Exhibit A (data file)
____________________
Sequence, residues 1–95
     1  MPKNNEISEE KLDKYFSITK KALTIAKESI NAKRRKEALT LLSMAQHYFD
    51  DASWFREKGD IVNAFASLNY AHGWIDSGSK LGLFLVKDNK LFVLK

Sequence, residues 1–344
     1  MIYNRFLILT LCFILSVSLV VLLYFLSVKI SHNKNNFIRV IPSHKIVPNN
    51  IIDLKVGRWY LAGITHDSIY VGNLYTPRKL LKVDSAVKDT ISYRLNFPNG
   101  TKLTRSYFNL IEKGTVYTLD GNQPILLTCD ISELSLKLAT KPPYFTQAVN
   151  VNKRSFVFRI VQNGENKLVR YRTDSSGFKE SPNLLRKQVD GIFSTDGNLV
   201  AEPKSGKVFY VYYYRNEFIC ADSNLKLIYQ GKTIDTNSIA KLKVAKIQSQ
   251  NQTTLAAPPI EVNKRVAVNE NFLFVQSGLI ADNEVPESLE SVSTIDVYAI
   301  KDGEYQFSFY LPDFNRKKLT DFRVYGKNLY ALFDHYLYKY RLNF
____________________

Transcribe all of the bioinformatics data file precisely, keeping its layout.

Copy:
Sequence, residues 1–95
     1  MPKNNEISEE KLDKYFSITK KALTIAKESI NAKRRKEALT LLSMAQHYFD
    51  DASWFREKGD IVNAFASLNY AHGWIDSGSK LGLFLVKDNK LFVLK

Sequence, residues 1–344
     1  MIYNRFLILT LCFILSVSLV VLLYFLSVKI SHNKNNFIRV IPSHKIVPNN
    51  IIDLKVGRWY LAGITHDSIY VGNLYTPRKL LKVDSAVKDT ISYRLNFPNG
   101  TKLTRSYFNL IEKGTVYTLD GNQPILLTCD ISELSLKLAT KPPYFTQAVN
   151  VNKRSFVFRI VQNGENKLVR YRTDSSGFKE SPNLLRKQVD GIFSTDGNLV
   201  AEPKSGKVFY VYYYRNEFIC ADSNLKLIYQ GKTIDTNSIA KLKVAKIQSQ
   251  NQTTLAAPPI EVNKRVAVNE NFLFVQSGLI ADNEVPESLE SVSTIDVYAI
   301  KDGEYQFSFY LPDFNRKKLT DFRVYGKNLY ALFDHYLYKY RLNF